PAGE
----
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Cook County’s Misguided Soda Tax Goes into Effect

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Cook County’s Misguided Soda Tax Goes into Effect

August 3, 2017

Cook County’s sweetened beverage tax went into effect yesterday after a judge dismissed a lawsuit that had temporarily blocked implementation. The penny-per-ounce tax applies to sugar and artificially sweetened beverages, including juice. The Illinois Policy Institute estimates that a 12-pack of 12-ounce cans of soda sold in Chicago will cost almost $6 in total.

The tax was passed in response to a worsening budget crisis, but regressive sweetened beverage taxes are not the right place to look for budget fixes. A much higher share of low-income households regularly drink soda, and a tax on sweetened beverages will impose a heavier burden on them.

The tax has been beset with design and implementation problems. A group sued the county because it claimed the tax violated the state constitution because the tax affected products in the same taxable class differently. While bottled beverages and fountain drinks are subject to the tax, on-demand drinks such as those mixed by a barista at Starbucks are not.

In addition, purchases made with Supplemental Nutrition Assistance Program benefits are also exempt from the tax. Some retailers have expressed concern that their point of sale systems may not be able to account for this. The tax will add another layer of compliance and regulatory burden for retailers.

Unlike some other taxes where the primary aim is to reduce sweetened beverage consumption, the Cook County tax is more focused on helping the county bring in more revenue. The county projected the tax would bring in $67.5 million in 2017 and more than $200 million in 2018. County officials announced layoffs for 300 workers due to the temporary delay in the law’s implementation, although it is uncertain that those layoffs will actually take effect.

Relying on revenue from the new tax reveals the inherent tension with these types of taxes. Proponents sometimes point to their success in reducing consumption of sweetened beverages. In other cases the primary aim of the tax is to raise revenue. If the tax reduces sweetened beverage consumption, associated revenues would also fall.

Trends in sweetened beverage consumption, independent of any response to taxes, make revenue projection more difficult. Per capita consumption of soft drinks has declined from a peak of 53 gallons in 1998 to less than 41 gallons in 2015.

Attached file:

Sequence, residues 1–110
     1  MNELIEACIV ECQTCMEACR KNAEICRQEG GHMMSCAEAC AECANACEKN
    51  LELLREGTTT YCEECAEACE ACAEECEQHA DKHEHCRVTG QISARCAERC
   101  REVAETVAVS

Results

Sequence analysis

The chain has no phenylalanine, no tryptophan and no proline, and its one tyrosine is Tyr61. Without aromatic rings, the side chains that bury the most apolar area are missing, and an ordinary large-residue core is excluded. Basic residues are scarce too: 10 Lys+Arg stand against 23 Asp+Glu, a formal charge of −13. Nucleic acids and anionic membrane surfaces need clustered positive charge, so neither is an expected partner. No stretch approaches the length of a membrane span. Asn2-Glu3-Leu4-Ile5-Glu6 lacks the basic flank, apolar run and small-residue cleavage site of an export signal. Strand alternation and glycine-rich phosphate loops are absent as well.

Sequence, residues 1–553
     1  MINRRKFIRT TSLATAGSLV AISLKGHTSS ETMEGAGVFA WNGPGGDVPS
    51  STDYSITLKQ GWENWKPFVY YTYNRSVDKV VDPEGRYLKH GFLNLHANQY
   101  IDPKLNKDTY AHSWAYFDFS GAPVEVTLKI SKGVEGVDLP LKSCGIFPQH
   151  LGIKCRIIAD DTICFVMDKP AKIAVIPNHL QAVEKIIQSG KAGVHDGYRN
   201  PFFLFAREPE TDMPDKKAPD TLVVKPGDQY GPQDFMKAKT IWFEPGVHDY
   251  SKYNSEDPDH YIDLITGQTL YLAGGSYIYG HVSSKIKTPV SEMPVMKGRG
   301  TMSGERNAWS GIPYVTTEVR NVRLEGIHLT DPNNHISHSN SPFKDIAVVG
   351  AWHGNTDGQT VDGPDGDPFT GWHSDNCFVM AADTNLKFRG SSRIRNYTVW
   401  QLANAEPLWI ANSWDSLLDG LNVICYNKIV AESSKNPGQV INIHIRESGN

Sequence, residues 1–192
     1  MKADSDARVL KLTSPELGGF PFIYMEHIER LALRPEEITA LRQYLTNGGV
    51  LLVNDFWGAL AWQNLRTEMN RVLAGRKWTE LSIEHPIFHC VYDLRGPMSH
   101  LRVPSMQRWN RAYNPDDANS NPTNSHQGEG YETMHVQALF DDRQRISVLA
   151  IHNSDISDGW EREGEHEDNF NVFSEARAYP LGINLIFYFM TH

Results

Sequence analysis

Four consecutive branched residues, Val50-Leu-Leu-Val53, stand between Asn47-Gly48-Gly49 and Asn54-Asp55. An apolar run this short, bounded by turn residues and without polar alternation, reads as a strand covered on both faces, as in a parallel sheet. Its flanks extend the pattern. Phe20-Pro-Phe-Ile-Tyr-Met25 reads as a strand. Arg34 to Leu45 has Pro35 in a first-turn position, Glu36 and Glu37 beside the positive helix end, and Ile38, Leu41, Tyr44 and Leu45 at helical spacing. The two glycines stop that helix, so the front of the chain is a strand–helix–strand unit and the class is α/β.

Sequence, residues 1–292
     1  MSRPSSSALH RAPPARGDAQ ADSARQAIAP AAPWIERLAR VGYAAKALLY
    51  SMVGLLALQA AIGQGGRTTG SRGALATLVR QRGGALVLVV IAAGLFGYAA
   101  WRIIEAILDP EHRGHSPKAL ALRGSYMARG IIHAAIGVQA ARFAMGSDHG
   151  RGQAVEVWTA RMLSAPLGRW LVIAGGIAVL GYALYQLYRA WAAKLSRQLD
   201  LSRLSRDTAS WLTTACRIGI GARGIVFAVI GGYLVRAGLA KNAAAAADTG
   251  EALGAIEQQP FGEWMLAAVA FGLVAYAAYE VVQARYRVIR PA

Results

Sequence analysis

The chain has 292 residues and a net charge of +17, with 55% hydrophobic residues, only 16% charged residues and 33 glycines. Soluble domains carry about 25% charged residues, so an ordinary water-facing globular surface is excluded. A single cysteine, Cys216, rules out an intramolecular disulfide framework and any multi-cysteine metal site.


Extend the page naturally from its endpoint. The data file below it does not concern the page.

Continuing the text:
According to the Centers for Disease Control and Prevention the share of high school students who drink soda and juice daily has plunged. In 2007 34 percent of high school students reported drinking soda daily, compared to 20 percent in 2015. Juice consumption saw similar trends. These reductions were widespread across ethnicities and school-level free/reduced price lunch eligibility.

These reductions cannot be attributed to the handful of municipal beverage taxes recently passed or implemented. If these trends continue and fewer young people get into the habit of drinking sweetened beverages, it would reduce the revenue generated from a sweetened beverage tax.

Share of High School Students Reporting Daily Consumption of Soda and Juice (2007 to 2015)

Source: Centers for Disease Control and Prevention, “Trends in Beverage Consumption Among High School Students – United States, 2007-2015.”

Other beverage taxes have fallen short of initial revenue projections. Philadelphia’s beverage tax took in $39.3 million in the first six months of existence, compared to a projection of $46 million in budget documents from the mayor’s office. Optimistic revenue projections are often key to helping pass the tax. Shortfalls can impose significant hardship when budgets rely on them.

The fiscal outlook in Cook County may be bleak, but the soda tax is an ill-designed, ill-advised way to try to address budgetary shortfalls. The rollout of the tax has already been fraught with problems. Poorer households would be the hardest hit, and revenue generation will likely fall short of projections. 

Charles Hughes is a policy analyst at the Manhattan Institute and author of the new report The Energy Bottleneck: Why America Needs More Pipelines. Follow him on twitter @CharlesHHughes

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